Construction activity in Northern Ireland rose at its weakest pace in 31 months in October. The latest data signalled weaker rises in total activity, new orders and employment.
Meanwhile, the rate of input cost inflation quickened to a four-month high amid reports that material shortages had led to price rises. The Ulster Bank Construction Purchasing Managers’ Index® (PMI ®) – a seasonally adjusted index designed to track changes in total construction activity – posted 54.5 in October, down from 56.5 in September.
The reading signalled a solid monthly increase in activity, albeit one that was the slowest in over two-and-a-half years. Activity has now expanded in 50 successive months.
Simon Barry, Chief Economist Republic of Ireland at Ulster Bank, said, “The results of the Ulster Bank Construction PMI survey show that Irish construction firms continue to report healthy rates of expansion. The headline PMI did ease in October, consistent with some cooling in momentum following a very strong first half of 2017, in the process reaching its lowest level since March 2015.
“However, at 54.5, last month’s reading remains comfortably in expansion territory. Mirroring the pattern of the headline PMI, the sectoral sub-indices also painted a picture of moderating growth in October, though the Housing and Commercial indices both remain at elevated levels, and very much consistent with ongoing solid expansion. Civil Engineering continued to underperform, recording a fifth consecutive monthly decline in activity.
“In line with the trends in total activity, employment and new business levels continued to rise solidly in October. But a further easing last month has left the pace of growth in both categories some way below the very rapid rates recorded over the summer months. While the overall story very much remains one of continuing construction sector improvement, both in absolute terms and relative to other European countries, the evidence of some recent cooling in momentum bears close watching in the months ahead.”
Slower rises in activity were recorded on both housing and commercial projects during the month, although both continued to see marked expansions. The faster increase was registered for housing activity. Meanwhile, civil engineering work continued to fall, and at a stronger pace than in September.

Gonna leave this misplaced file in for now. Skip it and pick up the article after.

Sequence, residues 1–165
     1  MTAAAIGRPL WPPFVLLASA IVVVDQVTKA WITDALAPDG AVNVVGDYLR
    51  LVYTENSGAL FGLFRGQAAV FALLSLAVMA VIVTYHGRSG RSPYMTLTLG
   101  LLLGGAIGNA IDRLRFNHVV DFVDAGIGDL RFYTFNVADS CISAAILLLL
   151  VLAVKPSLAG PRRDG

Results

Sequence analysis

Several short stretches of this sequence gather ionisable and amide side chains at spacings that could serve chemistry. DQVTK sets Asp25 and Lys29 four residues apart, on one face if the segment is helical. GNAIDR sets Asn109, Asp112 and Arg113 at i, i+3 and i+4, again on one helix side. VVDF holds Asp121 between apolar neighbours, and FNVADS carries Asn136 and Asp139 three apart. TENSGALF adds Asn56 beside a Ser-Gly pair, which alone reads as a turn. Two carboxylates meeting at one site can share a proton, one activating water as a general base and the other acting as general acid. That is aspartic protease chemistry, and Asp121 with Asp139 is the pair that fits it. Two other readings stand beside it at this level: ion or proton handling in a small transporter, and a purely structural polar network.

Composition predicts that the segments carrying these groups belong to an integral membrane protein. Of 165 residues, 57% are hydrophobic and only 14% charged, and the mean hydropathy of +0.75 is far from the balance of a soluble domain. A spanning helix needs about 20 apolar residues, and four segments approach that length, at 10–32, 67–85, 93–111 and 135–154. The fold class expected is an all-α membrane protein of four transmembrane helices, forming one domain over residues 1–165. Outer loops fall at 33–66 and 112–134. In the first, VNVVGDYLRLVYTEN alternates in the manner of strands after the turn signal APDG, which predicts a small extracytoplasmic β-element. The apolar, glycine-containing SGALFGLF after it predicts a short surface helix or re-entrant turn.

Where activity increased, panellists linked this to higher new orders. On the other hand, there were some reports that new projects were less prevalent than in previous months. New business increased at a sharp pace amid improving client demand. That said, the rate of expansion eased to a 31-month low.
New order growth leads to further hiring The rate of job creation also eased in October, the second month running in which this has been the case. Employment continued to rise at a solid pace, however, with hiring mainly in response to new contracts. Increasing workloads encouraged companies to raise their purchasing activity, with the rate of expansion quickening to a three-month high. This increase in demand for inputs imparted pressure on supply chains, leading to a further lengthening of delivery times.
There were also reports of raw material supply shortages in October, which added to inflationary pressures. The rate of input cost inflation quickened to a four-month high. Some panellists indicated that cable prices had risen due to recent changes to regulations. Construction firms remained strongly confident that output will increase over the coming year.
Optimism was largely based on positive expectations regarding new business. However, business sentiment dipped to an eight-month low.